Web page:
Thus, in the context of extremely hard financial times and increasing economic stress, especially for those at the bottom of social ladder, there is simultaneously a rolling back, rather than investment in, welfare safety nets; as well as political and public discourse which is at best unsympathetic and at worst potentially vilifying of the poor and socially excluded.

This is likely to exacerbate people’s material, social and psychological distress.

The fact that the poor live shorter lives, live with physical and mental health problems and are more likely to die by suicide, are inequities that demand a response by services such as Samaritans.

The cost of calling us

The cost of calling Samaritans has been raised as a barrier to accessing the service by people that use our service. Some people say they are prevented or discouraged from telephoning Samaritans in times of need because of the cost.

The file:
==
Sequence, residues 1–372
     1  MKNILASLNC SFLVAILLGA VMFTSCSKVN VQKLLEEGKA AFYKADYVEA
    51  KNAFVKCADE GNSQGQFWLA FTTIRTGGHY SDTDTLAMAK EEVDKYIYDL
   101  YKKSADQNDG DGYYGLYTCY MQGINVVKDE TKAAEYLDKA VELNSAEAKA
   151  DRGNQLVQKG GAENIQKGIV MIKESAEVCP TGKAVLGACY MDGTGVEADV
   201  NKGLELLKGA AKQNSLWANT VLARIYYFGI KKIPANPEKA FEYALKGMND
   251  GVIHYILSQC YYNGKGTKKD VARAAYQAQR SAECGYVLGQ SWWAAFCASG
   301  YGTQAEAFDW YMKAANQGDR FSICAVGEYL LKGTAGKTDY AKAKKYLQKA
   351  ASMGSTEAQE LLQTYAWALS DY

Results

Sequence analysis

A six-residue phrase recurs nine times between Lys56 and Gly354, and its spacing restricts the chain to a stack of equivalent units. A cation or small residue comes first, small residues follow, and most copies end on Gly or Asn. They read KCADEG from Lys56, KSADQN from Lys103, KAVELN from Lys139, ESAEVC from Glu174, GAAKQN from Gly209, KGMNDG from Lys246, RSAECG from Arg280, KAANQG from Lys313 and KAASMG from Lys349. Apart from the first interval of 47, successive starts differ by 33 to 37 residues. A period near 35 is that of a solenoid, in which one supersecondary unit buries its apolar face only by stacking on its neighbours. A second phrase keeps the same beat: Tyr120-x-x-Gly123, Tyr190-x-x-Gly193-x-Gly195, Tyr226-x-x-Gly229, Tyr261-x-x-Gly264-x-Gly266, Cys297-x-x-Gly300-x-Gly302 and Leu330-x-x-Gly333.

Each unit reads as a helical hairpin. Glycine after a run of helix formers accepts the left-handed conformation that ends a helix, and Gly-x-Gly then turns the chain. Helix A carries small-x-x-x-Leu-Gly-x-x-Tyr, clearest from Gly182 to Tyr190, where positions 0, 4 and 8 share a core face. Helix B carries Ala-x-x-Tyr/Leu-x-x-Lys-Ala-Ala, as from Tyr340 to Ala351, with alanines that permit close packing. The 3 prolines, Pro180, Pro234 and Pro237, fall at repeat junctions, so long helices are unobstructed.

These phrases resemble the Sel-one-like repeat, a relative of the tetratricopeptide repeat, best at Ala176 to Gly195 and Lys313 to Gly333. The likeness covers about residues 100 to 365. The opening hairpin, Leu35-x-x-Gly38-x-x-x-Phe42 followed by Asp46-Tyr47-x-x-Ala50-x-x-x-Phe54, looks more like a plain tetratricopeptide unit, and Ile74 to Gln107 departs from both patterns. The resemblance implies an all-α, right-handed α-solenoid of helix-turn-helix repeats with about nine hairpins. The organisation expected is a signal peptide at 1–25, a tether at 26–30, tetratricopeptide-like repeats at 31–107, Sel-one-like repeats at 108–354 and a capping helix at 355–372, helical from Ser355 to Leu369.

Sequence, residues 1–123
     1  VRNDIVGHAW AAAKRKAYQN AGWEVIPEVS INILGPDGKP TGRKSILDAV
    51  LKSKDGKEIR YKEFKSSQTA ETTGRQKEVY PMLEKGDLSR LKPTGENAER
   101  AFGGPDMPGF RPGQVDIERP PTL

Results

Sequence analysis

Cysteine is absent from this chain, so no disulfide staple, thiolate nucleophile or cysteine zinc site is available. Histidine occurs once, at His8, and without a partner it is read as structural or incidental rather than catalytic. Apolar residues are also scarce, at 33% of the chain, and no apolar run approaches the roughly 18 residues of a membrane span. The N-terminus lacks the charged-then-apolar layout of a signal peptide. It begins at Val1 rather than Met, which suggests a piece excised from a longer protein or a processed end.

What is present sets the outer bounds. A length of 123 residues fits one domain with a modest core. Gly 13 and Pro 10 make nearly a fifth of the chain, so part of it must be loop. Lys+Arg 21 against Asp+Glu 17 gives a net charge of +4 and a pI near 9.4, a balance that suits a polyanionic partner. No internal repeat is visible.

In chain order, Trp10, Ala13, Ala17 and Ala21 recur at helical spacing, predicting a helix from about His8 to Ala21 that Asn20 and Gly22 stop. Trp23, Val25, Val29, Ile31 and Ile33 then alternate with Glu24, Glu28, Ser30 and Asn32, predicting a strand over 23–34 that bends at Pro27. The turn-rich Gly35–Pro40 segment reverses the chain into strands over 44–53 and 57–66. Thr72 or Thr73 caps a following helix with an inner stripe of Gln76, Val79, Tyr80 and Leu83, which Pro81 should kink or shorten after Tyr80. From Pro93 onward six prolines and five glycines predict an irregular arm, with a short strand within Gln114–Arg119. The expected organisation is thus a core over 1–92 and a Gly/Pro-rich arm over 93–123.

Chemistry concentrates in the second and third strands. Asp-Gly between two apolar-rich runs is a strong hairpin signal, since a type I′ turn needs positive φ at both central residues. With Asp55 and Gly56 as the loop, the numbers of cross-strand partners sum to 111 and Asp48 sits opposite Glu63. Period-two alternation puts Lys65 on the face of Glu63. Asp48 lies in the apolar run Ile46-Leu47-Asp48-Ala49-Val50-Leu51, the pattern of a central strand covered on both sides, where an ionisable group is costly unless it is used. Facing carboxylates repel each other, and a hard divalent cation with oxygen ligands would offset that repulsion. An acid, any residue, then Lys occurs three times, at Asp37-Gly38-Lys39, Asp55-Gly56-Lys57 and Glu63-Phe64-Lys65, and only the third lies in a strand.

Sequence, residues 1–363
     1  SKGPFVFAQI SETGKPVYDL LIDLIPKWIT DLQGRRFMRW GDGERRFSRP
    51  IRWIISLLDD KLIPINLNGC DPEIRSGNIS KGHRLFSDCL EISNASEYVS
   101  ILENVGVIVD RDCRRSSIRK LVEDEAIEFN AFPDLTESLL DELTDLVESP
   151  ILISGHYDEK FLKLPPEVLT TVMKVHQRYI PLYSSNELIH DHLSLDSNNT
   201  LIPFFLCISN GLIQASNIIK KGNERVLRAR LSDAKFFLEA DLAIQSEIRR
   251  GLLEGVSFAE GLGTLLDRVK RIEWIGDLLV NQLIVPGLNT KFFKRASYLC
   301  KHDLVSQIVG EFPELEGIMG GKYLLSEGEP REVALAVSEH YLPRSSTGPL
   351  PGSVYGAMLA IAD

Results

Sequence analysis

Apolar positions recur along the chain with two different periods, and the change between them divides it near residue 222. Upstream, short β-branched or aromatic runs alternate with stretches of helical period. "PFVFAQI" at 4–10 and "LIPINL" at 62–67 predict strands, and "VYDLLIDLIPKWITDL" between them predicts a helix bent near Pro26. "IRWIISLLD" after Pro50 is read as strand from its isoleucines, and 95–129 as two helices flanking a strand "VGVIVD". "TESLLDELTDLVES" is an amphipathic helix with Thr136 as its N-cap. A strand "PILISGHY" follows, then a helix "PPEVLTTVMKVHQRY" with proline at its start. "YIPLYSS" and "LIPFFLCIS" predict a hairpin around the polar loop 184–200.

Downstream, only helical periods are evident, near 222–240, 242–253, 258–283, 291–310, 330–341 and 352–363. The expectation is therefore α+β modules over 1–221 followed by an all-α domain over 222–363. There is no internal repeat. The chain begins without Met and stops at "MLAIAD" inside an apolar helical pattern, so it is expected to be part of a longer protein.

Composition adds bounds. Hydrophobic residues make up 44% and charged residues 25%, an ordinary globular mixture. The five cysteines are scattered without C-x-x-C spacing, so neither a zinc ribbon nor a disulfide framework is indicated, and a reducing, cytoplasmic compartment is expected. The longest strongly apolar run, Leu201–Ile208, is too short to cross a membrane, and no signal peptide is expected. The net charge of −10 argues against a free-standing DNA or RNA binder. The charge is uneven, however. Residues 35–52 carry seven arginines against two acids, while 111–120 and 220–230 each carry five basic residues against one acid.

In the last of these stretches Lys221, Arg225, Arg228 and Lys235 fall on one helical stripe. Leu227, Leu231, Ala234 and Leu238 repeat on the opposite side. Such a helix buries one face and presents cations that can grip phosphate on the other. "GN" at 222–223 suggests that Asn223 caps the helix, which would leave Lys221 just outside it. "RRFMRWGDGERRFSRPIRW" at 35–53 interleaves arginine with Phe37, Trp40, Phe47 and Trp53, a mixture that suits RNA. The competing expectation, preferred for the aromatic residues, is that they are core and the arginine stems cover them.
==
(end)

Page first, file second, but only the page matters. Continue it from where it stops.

In particular, our callers raised as a worry the cost of calls from payphones or mobile phones – including that at the point of crisis they may not have any credit on their phone, and have no access to a landline.

Statistics show those in the lowest income group are more likely to have access to a pay-as-you-go mobile, rather than a landline or the internet.

Because callers are charged for calls, and because of our use of an 0845 number, Samaritans service may exclude those most in need and at excessive risk of suicide – those with low incomes, and experiencing poverty and social exclusion.